Not Awful UW Photography

An opinionated story of diving, open source, and photography.

I like diving. I don't particularly like photography. Unless I'm diving! Then I guess it's different. I'm not a great photographer, just a dilettante, but I really like it. I'm also not a stellar diver—but I like it as well. So here we are.

My computers run an open source operating system (OpenBSD). So my diving and photography and web publishing software are open source too. Some of these I've built myself.

This page is mostly about the software. I'll also talk a bit about UW photography itself, but you know—you can probably find better resources from real professionals.

This is where it begins.

That's not me—it's Sarah. Twin-set for extra-long sessions? Check. Camera with good lighting? Check. Perfect diving form? Um… well, easy for Sarah. Much harder for myself.

camera equipment

Most photos on this site are taken with a Sony RX100IV and a wide-angle lens (UWL-09). Even the macro shots, unless I can find somebody to take the lens. But it doesn't really matter: with my limited skills, it could really be anything.

More important than the camera is the lighting. I just use the cheapest Sea&Sea YS-01 strobes in TTL mode.

I have three pre-programmed modes set in the camera: macro mode (big aperture, fast shutter, full zoom), wide-angle mode (smaller aperture, slow shutter, almost full zoom out), and wreck (smaller aperture, slow shutter, higher ISO, almost full zoom out).

Possibly current equipment. Note the buoyancy arms. They really help.


It's worth talking about rigging for a moment, because the more photography equipment, the more the question of rigging is significant. It's not just convenience—it's really a matter of safety.

When free diving, which I do with a lighter rig (one strobe or video light) that's slightly positively buoyant, I have a d-ring on my rubber weight belt. During a descent, I'll keep the camera clipped on. Then I take the shots I want at depth and either keep holding it on the way up or clip it.

Scuba is a bit more involved. I generally dive with two video lights or two strobes, so the camera is much bulkier. I always dive with a neutrally buoyant rig, however, as I'm already prone to floaty feet!

For shore dives, I enter the water with the camera clipped to my top-right d-ring and my stage on the crotch strap. I then put on my fins, attach the deco stage to my right rings in the usual way, then move the camera to the crotch strap. Then I'll do long-hose checks. I keep the camera on the crotch d-ring whenever I'm not shooting.

When not deco diving, I'll sometimes left-clip the camera in place of the stage.


After diving, my workflow starts by getting pictures off the camera. For that I use gphoto. I pull the pictures (RAW+JPEG) directly into a pair of external USB 1 TB drives configured with RAID1.

Once pulled—it can take time—I fire up shotwell, which I use as my photo manager. I'll sometimes use geeqie for a single series of dive photos, but not for looking back over time.

I then edit the raw photos with ufraw and post-process in gimp.

Management in shotwell.
RAW editing in ufraw.

Why these tools? My needs are few.

For the photo manager, I just want a quick glance, event by event, of the photos, and the ability to easily open photos in an external editor and save as a new file. I don't really like Shotwell: it's slow and tends to use system resources when it's just sitting there. Plus, it's in vala, which is a transpiler into C. This makes it much harder to debug problems: are they in vala logic or in the produced C code? But I don't know of any other system that has a nice event-based layout. Yeah. I'm not really happy with this part.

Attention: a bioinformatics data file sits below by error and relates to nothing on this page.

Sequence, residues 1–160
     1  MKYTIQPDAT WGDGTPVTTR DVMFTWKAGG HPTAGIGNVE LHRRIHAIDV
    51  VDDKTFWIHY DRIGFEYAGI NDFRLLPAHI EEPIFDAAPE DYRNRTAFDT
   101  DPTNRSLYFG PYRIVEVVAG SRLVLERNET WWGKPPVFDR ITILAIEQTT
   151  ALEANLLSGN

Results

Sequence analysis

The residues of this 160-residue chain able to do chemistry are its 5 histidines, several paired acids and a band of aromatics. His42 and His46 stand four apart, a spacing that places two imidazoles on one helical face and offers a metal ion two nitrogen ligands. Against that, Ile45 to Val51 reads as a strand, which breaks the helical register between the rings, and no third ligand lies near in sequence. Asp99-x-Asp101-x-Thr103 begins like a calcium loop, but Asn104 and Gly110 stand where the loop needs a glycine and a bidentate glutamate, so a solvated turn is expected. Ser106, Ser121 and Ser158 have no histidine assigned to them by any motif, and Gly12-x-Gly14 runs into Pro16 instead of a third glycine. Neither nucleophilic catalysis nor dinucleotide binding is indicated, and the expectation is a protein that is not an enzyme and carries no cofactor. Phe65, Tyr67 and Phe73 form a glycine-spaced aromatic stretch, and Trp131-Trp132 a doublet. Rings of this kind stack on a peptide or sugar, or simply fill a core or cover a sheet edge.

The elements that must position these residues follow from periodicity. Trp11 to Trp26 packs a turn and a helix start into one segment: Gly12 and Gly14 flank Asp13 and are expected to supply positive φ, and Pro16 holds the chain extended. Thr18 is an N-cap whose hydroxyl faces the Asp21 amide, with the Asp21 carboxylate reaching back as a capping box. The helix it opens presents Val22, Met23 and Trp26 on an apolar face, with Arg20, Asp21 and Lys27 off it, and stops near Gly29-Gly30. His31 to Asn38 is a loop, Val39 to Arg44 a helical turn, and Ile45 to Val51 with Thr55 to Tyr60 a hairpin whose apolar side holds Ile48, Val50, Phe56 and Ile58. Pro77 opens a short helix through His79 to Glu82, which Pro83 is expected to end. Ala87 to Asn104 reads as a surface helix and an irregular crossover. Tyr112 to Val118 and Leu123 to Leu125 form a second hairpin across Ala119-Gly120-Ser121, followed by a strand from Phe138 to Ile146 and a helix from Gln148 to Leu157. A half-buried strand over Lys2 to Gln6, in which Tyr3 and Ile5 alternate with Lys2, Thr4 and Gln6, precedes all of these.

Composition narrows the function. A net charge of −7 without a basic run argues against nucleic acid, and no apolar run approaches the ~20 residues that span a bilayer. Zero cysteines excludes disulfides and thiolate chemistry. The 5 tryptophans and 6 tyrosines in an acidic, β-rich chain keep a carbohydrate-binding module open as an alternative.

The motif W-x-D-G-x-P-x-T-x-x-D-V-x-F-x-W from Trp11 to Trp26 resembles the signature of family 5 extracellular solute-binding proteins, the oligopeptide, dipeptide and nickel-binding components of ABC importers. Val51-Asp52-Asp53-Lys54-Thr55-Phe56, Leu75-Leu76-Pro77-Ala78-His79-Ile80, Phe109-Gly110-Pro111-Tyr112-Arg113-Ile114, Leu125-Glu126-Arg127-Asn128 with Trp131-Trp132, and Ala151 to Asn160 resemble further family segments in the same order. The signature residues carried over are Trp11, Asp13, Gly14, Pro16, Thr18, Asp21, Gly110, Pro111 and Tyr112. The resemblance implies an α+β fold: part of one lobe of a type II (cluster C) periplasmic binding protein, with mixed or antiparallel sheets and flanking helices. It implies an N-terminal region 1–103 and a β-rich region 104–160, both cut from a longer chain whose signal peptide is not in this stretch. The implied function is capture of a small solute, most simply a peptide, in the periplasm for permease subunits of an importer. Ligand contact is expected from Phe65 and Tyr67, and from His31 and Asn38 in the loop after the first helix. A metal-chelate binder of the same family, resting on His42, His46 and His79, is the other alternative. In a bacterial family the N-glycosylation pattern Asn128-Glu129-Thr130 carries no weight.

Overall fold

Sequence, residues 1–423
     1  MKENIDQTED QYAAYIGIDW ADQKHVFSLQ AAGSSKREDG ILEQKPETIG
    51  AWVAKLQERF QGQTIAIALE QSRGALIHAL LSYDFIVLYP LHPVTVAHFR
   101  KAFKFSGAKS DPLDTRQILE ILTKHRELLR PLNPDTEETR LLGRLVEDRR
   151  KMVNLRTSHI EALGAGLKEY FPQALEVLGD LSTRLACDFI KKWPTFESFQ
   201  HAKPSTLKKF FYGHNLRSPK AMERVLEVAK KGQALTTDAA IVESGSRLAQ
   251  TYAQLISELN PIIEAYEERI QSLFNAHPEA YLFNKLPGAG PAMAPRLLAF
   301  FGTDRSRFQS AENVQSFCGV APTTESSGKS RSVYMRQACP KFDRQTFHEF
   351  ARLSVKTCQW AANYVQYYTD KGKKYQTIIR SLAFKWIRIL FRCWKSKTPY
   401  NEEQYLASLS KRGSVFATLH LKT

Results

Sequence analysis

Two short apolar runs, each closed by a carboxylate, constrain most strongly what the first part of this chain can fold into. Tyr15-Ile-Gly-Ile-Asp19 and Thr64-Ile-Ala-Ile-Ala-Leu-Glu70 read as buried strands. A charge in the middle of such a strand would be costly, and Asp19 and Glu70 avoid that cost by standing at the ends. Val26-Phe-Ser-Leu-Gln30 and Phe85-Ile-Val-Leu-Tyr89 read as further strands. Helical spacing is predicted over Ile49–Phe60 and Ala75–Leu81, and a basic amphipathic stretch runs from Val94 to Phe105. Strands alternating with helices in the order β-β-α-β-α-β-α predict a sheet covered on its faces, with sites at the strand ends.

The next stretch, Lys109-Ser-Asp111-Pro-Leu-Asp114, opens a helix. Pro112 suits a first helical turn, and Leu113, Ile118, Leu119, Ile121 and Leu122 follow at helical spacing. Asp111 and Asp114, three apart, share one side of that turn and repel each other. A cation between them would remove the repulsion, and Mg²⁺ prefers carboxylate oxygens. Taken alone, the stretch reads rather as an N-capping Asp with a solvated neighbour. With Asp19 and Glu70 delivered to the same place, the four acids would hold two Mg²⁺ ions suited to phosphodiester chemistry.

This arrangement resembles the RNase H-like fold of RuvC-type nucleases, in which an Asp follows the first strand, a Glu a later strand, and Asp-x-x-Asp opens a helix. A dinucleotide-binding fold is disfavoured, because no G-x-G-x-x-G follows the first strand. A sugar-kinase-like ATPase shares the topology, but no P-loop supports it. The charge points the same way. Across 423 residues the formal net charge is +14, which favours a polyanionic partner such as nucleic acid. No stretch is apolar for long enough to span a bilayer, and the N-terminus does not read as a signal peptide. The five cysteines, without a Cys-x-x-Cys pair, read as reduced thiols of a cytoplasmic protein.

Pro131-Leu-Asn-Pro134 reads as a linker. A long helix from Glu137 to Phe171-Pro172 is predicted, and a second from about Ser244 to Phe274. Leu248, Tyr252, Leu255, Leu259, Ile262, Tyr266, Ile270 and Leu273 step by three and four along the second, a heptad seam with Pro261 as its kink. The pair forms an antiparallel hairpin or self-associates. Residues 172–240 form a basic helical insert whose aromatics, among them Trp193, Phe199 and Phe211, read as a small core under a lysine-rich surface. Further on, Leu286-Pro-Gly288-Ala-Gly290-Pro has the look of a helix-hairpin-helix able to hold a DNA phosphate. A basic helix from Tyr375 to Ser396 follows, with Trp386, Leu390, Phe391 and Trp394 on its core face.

As for editing, ufraw might not even be maintained any more—but for me it's fine, as it's fast and all I really use it for is colour correction. The gimp works fine for my only use of it: unsharp mask, as ufraw doesn't do any sharpening.


This is the boring part, I guess. I wrote all of the publishing components myself, though, so I like them.

First, I upload an exported image to my Cloudinary account. I then create a Markdown file that tells the story and contains photo meta-data (exposure settings, location, depth, temperature, date, etc.). To get the temperature and depth, I review the dive profile with Subsurface. Technically, all of this—upload, mining EXIF data, creation of the Markdown template—happens in one step by a small upload script I wrote. So creating a new article is simple.

Once I have a Markdown file that I can edit with a story, the file is transformed into web page you see by combining lowdown to parse Markdown with sblg to manage templates. These tools are chained together with make, so the whole web site is built and updated with one command.

The tag indexes and such are built in the same way: shell snippets in the Makefile. This is probably the most complicated part because it involves lots of piping and chicanery. At the end of the day, everything's automated.

Each photo file is processed as such. Complicated-looking, but ultimately tied together by a simple Makefile.


Why all the effort? Cause it's fun! Diving—no matter where you live—is a way to experience part of the world we often disregard as inaccessable. And in a way we'd otherwise consider impossible: floating effortlessly. It may take training, hard work, and discipline (and not a little disposable income), but it's worth it.

Lee (Rozi wreck, Malta).
Flabellina affinis (Rozi wreck, Malta).
Moray eel (Rozi wreck, Malta).